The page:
A minor crop in world trade, but an important crop for food security, aroids are widespread throughout the humid tropics. The genera Colocasia and Xanthosoma are the most widely grown aroids, the former commonly known as taro and dasheen the latter as cocoyam or tannia.
The aroids rarely enter into world commerce, as they are mostly grown in subsistence agriculture systems and for local markets. However, the aroids play a substantial role in the food security of millions of people in the tropics. The starch rich corms are the main product, but the leaves and the flowers are also eaten. Aroids are used as emergency or famine foods in times of food shortage. Some taro cultivars have extreme flood tolerance and can give substantial yields even in places too wet for paddy-field agriculture.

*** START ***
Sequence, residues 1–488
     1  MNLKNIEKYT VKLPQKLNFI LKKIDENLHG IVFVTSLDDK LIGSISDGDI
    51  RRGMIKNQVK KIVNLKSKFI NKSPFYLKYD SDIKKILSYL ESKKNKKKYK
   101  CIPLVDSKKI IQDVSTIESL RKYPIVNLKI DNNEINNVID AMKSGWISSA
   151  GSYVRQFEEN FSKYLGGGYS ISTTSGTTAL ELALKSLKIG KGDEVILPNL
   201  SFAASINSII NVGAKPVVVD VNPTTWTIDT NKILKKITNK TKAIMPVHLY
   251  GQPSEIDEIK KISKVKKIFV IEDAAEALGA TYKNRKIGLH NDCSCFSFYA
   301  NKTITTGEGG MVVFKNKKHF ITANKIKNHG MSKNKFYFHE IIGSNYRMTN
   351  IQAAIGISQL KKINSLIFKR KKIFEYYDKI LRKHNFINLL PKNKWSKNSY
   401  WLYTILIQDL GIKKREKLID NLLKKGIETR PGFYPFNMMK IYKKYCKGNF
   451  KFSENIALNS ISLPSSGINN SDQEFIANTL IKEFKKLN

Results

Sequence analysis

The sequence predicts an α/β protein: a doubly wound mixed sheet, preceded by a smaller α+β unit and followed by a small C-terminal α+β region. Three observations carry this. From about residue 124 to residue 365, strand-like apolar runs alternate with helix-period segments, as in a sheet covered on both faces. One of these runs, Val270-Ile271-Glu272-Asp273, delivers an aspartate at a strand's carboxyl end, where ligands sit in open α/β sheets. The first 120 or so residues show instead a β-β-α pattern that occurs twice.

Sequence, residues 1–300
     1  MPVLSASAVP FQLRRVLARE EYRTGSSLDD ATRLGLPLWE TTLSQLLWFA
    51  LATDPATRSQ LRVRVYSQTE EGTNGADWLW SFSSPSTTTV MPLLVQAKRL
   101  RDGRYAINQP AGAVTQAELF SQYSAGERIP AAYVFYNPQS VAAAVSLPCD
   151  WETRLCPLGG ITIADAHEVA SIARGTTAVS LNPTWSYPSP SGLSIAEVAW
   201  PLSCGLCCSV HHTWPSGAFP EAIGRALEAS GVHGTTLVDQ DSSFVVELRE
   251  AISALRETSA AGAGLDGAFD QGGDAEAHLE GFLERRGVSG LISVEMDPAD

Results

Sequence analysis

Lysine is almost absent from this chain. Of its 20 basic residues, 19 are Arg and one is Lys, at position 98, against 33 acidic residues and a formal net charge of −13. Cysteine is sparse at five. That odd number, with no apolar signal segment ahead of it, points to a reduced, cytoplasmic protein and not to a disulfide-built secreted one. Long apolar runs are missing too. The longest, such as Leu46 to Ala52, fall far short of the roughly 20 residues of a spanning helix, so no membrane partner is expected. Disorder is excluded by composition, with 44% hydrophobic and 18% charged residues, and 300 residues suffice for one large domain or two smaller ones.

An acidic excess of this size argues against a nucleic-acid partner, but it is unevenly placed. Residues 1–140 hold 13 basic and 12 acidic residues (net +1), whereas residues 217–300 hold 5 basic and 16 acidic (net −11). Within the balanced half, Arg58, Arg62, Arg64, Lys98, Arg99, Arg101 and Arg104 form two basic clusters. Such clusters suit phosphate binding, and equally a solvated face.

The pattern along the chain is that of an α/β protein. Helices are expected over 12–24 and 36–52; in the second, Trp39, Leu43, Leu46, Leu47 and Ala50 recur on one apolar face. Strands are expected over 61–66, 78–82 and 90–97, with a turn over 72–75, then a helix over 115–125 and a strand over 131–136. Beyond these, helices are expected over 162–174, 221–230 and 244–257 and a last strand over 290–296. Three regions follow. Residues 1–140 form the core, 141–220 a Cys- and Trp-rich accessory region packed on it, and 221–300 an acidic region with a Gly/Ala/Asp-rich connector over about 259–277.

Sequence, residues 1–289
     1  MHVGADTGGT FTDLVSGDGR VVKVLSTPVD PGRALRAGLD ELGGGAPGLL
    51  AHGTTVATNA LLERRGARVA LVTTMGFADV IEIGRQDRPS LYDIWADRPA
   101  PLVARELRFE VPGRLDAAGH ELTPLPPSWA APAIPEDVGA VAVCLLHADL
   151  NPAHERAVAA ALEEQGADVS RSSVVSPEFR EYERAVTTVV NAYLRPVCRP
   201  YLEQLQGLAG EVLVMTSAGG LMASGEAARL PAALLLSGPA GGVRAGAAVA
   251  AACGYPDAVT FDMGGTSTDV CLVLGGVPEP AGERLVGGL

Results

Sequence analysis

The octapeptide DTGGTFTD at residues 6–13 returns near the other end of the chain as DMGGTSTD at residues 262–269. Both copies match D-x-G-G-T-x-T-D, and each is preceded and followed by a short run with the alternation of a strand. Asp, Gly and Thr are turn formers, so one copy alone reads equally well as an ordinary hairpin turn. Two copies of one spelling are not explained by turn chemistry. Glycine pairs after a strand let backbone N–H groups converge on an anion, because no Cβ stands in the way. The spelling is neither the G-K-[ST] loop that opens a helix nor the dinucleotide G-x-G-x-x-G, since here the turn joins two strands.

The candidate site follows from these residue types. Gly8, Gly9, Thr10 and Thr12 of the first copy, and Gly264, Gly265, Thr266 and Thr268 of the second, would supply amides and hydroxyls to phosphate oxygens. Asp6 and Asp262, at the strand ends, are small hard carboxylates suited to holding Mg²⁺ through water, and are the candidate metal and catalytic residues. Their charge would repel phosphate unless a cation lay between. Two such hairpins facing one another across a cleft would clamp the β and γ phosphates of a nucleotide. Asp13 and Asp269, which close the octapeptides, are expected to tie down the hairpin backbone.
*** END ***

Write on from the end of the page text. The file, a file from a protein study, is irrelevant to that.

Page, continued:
Taro is typically eaten boiled, stewed, sliced or fried (to chips or tempura), or dried and ground into flour. The leaves are rich in vitamins and minerals.
The aroids are known as one of the “orphan crops”, meaning they receive minimal attention from modern plant breeding relative to their importance as a food source. The crops in this group clearly have great potential, and there is considerable diversity both within species and between them. It is estimated that there are more than 1,000 varieties of taro alone. There are genebank collections of both taro and cocoyam diversity around the world, with large holdings of taro in South East Asia and smaller collections of cocoyam in the Caribbean and West Africa.